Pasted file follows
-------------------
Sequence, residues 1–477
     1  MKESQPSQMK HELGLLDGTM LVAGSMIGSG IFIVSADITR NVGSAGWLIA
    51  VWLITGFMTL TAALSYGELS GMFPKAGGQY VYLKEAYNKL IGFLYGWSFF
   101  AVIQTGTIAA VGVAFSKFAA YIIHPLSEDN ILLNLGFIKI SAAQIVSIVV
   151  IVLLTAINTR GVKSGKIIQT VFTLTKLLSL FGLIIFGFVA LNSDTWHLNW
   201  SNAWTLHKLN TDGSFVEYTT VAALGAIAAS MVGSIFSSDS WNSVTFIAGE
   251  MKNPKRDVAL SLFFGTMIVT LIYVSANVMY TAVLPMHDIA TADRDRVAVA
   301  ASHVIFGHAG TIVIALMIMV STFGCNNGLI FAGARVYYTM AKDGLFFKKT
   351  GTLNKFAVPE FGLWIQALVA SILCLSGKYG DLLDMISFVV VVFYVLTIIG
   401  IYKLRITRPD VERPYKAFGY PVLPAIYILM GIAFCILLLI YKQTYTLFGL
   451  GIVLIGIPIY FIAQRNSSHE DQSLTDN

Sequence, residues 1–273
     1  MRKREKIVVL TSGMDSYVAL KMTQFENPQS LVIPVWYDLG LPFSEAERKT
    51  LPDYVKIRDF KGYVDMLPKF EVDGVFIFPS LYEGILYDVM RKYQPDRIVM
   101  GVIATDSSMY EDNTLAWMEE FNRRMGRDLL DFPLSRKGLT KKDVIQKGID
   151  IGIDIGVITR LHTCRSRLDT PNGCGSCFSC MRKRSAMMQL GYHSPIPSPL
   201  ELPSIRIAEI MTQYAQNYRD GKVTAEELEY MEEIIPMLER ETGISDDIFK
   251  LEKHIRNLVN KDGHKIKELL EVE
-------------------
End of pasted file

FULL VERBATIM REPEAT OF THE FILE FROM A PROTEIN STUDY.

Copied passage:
Sequence, residues 1–477
     1  MKESQPSQMK HELGLLDGTM LVAGSMIGSG IFIVSADITR NVGSAGWLIA
    51  VWLITGFMTL TAALSYGELS GMFPKAGGQY VYLKEAYNKL IGFLYGWSFF
   101  AVIQTGTIAA VGVAFSKFAA YIIHPLSEDN ILLNLGFIKI SAAQIVSIVV
   151  IVLLTAINTR GVKSGKIIQT VFTLTKLLSL FGLIIFGFVA LNSDTWHLNW
   201  SNAWTLHKLN TDGSFVEYTT VAALGAIAAS MVGSIFSSDS WNSVTFIAGE
   251  MKNPKRDVAL SLFFGTMIVT LIYVSANVMY TAVLPMHDIA TADRDRVAVA
   301  ASHVIFGHAG TIVIALMIMV STFGCNNGLI FAGARVYYTM AKDGLFFKKT
   351  GTLNKFAVPE FGLWIQALVA SILCLSGKYG DLLDMISFVV VVFYVLTIIG
   401  IYKLRITRPD VERPYKAFGY PVLPAIYILM GIAFCILLLI YKQTYTLFGL
   451  GIVLIGIPIY FIAQRNSSHE DQSLTDN

Sequence, residues 1–273
     1  MRKREKIVVL TSGMDSYVAL KMTQFENPQS LVIPVWYDLG LPFSEAERKT
    51  LPDYVKIRDF KGYVDMLPKF EVDGVFIFPS LYEGILYDVM RKYQPDRIVM
   101  GVIATDSSMY EDNTLAWMEE FNRRMGRDLL DFPLSRKGLT KKDVIQKGID
   151  IGIDIGVITR LHTCRSRLDT PNGCGSCFSC MRKRSAMMQL GYHSPIPSPL
   201  ELPSIRIAEI MTQYAQNYRD GKVTAEELEY MEEIIPMLER ETGISDDIFK
   251  LEKHIRNLVN KDGHKIKELL EVE